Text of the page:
Thursday, August 19, 2010

The Grapes of Wrath: Jim Casy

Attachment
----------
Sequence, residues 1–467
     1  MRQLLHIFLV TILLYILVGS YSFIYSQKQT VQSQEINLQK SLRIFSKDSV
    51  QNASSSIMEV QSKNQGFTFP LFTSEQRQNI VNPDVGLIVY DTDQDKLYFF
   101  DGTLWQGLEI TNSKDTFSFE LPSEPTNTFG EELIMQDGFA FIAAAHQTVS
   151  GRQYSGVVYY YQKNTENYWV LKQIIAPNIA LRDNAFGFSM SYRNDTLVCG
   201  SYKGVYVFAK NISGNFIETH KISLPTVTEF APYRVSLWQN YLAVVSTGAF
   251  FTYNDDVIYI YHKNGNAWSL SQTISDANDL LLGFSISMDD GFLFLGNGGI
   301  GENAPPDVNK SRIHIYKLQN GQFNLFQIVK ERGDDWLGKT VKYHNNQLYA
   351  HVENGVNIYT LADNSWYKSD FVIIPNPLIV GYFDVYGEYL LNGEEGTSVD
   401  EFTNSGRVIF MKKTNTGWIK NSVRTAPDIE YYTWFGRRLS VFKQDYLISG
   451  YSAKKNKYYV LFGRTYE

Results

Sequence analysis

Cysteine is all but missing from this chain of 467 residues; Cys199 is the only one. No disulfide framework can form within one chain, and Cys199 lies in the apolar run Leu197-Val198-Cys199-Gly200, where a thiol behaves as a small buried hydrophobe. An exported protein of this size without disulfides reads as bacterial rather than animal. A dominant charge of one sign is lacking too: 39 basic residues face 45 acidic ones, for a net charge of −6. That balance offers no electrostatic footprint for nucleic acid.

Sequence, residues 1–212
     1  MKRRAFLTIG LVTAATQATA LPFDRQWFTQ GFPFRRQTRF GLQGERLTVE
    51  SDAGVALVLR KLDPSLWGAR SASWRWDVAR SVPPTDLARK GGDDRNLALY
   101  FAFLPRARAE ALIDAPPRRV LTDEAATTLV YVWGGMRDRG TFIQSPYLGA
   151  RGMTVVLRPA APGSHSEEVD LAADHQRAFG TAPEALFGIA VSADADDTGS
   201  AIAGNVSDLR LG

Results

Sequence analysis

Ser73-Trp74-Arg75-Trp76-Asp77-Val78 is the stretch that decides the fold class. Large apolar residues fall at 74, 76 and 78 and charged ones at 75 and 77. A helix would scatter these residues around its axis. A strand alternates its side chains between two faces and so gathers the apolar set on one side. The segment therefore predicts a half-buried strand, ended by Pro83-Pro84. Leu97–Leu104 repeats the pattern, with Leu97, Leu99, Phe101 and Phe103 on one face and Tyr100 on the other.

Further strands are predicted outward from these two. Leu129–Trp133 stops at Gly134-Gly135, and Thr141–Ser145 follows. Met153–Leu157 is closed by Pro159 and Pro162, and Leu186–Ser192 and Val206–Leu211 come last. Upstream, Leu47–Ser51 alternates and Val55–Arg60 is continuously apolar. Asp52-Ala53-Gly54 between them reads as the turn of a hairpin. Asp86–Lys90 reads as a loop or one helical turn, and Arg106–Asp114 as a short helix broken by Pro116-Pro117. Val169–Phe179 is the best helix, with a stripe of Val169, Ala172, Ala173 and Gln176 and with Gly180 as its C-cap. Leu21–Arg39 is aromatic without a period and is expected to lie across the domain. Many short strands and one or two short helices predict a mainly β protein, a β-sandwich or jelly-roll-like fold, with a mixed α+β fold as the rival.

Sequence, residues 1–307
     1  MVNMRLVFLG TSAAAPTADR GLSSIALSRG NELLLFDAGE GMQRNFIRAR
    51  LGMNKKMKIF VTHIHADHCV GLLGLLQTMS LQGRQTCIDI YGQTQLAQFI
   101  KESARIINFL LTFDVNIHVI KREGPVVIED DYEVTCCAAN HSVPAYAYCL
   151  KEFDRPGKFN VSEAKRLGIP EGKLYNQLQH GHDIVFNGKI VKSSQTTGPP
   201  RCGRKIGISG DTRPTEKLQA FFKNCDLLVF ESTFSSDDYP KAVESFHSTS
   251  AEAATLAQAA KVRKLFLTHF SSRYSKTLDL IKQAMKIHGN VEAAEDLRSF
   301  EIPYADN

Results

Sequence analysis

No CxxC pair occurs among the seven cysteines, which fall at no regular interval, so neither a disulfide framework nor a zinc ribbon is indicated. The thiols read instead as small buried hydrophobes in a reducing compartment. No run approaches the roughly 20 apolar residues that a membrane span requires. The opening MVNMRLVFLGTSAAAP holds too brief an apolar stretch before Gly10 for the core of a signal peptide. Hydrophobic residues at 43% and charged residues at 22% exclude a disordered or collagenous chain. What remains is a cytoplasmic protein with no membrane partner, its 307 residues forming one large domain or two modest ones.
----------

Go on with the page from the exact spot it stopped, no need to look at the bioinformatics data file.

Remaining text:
A former preacher, Jim Casy is one interesting fellow. Mainly, he is not at all still following his own words, but instead he turned them around. He conceptualizes a whole new breed of holiness and godliness. He says that the most important part of society and worship is not found somewhere up in the sky, but it is actually found down here on Earth. This idea is totally radical for the time period, but Tom Joad seems to have a liking for it as he understands it more. Jim Casy is now saying that the best part of the world is within ourselves, rather, other people, yet still inside us as a whole. He says that people are the most important of relationships; this philosophy is almost of humanism but with less concern for love of thy neighbor. As such a promoter of his own words, Jim Casy can fairly be compared to Jesus Christ, a man, as I am sure everyone knows, was said to be a healer and a provider for thoousands because of his apparent connection with the Christian God. In the beginning of The Grapes of Wrath, Jim Casy is an ex-preacher who is unsure of how he could promote himself and use his talents for speaking and healing, spiritually, that is, in ways other than congregational leadership. By the end of the novel, Jim Casy is able to round up his abilities and use them to help organize the migrant workers. In fact, Jim Casy dedicates himself so fully to this idea of helping other people with his skills that he gives his own life for it. Casy, by teaching his work, transforms Tom Joad into a selfless man of the people, a real good guy. Tom went from practically hating his life to living for his life in a way that cannot and most likely will not be repeated by any characters of future books in my reading all just because of this one man's words.

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